Thursday, June 18, 2009

NPR Puzzle 6/14/09 -- Marital Relations

Here's this week's puzzle:
Think of one word that starts with "te" and another word that starts with "st" — and they're synonyms. Hint: The "te" word has two syllables; the "st" word has one.
Well, which of the following (arguably) right answers did you pick?




My suspicion is that Stress & Tension is the "right" answer, but that Strain & Tension will be accepted. I predict Will will dismiss Storm & Tempest on the grounds that a tempest is a specific sort of storm, so they are not synonymous. I also sent in Stamp & Tender -- Ross gave it to me, so complain to him -- and I'm assured that they share the meaning of . . .

{cue the crickets}

Well, folks, I guess we struck out on that one -- I had assumed it had some Spenserian meaning that was connected with the reason bank notes are "legal tender." But when asked for a more precise meaning, our very own Crosswordman admitted defeat. I did warn him I'd rag on him, but only because he's normally very very precise about such things.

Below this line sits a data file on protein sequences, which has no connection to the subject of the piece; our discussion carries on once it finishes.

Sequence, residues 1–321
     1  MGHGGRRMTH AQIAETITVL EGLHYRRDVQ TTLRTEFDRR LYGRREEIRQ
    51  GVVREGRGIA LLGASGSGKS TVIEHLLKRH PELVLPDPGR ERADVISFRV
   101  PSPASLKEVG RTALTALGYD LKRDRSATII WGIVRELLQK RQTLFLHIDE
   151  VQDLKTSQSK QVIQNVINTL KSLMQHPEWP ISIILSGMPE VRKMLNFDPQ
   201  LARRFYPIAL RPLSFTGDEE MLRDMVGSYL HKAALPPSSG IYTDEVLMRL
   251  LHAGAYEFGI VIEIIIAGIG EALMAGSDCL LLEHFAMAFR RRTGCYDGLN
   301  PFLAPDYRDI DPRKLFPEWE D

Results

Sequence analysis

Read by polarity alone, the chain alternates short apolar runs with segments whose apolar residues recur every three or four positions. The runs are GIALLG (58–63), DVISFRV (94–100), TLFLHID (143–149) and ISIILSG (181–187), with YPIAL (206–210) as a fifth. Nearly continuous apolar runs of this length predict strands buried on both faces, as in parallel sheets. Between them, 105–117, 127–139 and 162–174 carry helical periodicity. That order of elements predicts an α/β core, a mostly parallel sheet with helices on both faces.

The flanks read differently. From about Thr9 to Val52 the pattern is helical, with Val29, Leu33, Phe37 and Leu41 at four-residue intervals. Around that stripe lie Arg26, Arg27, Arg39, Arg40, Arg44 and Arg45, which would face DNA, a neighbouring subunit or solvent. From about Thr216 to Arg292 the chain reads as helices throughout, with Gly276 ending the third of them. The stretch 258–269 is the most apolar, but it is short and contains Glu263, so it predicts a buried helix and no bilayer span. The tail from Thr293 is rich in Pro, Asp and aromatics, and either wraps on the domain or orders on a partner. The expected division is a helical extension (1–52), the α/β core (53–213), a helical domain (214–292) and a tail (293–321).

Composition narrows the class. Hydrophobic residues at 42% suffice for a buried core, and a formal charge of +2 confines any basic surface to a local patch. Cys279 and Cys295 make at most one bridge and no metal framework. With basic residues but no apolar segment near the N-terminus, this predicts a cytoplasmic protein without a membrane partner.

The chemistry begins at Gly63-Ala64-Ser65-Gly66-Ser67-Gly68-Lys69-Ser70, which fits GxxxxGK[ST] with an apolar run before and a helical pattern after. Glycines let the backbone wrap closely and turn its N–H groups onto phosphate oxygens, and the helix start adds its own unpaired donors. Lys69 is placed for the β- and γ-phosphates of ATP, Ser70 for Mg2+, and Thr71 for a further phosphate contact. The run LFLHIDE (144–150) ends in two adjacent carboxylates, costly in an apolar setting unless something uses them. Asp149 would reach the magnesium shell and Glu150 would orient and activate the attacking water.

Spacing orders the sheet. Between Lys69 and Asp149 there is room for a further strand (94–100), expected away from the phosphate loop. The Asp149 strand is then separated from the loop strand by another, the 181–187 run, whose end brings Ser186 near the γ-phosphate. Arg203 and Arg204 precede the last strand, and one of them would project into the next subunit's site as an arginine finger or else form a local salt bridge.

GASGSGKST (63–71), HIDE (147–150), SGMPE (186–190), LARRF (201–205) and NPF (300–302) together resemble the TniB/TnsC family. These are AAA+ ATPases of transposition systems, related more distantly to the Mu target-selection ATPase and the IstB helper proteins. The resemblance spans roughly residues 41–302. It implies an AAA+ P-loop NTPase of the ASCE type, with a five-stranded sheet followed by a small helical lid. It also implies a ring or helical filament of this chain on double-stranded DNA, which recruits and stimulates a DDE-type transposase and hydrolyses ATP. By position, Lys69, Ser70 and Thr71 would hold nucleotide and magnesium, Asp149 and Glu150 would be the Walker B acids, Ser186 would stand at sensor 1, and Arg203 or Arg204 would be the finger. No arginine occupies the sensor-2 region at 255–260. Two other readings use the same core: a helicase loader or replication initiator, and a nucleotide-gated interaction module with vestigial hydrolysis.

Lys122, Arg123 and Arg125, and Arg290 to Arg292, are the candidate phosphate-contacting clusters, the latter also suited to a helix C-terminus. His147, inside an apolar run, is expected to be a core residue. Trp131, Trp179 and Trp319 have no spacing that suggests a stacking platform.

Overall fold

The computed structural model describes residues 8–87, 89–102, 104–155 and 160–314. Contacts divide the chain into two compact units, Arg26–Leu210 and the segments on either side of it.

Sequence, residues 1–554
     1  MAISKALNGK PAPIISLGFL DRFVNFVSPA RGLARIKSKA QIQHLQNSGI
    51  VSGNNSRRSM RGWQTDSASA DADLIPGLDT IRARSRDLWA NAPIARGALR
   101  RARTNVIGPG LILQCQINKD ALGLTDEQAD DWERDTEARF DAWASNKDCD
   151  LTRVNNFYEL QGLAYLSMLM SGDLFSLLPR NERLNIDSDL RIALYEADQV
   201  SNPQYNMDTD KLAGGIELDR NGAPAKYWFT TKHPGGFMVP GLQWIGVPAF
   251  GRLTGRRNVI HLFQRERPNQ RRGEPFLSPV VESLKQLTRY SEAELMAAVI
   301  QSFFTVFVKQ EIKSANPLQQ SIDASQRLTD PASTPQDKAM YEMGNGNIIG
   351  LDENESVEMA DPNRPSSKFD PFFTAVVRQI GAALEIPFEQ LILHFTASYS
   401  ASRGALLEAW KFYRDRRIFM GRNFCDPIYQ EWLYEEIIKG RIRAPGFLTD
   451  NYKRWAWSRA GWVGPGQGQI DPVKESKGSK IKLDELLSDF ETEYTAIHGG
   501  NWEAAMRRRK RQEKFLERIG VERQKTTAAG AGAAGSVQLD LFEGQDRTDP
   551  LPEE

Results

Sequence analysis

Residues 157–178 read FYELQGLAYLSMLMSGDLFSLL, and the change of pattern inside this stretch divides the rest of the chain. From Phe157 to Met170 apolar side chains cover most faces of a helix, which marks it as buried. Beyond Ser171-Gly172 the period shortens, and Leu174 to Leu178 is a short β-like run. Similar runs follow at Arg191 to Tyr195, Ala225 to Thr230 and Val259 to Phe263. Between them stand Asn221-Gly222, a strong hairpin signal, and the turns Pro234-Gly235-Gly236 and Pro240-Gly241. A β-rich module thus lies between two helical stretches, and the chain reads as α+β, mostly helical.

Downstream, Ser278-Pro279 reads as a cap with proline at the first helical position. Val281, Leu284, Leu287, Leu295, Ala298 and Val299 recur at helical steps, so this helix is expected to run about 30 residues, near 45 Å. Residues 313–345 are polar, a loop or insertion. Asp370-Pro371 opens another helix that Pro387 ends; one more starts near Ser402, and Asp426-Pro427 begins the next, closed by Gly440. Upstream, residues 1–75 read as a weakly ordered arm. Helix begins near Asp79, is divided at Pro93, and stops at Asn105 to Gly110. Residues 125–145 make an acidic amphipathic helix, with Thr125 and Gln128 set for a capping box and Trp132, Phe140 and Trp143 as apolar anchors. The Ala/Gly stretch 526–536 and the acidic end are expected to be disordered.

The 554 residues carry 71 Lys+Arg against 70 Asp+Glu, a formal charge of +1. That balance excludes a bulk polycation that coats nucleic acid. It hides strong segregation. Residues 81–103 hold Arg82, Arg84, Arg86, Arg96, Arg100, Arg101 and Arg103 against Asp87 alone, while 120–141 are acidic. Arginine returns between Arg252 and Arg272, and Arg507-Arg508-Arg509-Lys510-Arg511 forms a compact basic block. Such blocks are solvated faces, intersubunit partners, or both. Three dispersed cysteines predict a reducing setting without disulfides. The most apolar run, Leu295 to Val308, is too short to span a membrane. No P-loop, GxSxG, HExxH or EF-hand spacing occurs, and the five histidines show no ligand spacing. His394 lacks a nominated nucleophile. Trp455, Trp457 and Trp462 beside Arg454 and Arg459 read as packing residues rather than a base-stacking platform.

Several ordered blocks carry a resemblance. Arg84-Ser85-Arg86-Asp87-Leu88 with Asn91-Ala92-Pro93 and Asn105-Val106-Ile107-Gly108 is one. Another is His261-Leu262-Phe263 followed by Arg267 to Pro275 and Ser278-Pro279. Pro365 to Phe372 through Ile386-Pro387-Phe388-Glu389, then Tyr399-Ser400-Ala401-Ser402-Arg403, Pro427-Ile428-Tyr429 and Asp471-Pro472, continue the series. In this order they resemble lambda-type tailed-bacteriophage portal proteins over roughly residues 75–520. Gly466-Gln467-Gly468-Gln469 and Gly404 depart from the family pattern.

Here are the answers to the value-added puzzle for this week: Think of two-word phrases where the first word starts with MA and the second word starts RE. Here are the definitions:

Polling the customers Market Research

Prepare Make Ready

Technology used in brain scans Magnetic Resonance

What a UPC is Machine Readable

What an Isabel Allende novel is likely to contain Magical Realism

Laid off staff, in England Made redundant

What a couples counselor might talk about Marital relations

What identical twins might have Marked resemblance

What a ratio is Mathematical relationship

And, in light of the theme of this week (stress? tension? strife?), I've entitled this post accordingly. See you Sunday!


Dan said...

I was positive on TENSION & STRESS, and am irked as I listen to Will Shortz not even acknowledge that there was more than one correct answer.

Magdalen said...

I KNOW! What's up with that??? I actually think tension & stress/strain is a better answer, particularly in the structural engineering sense (y'know -- weight-bearing loads for steel I-beams and that sort of thing).

Crazy! Not his best puzzle, that's for sure.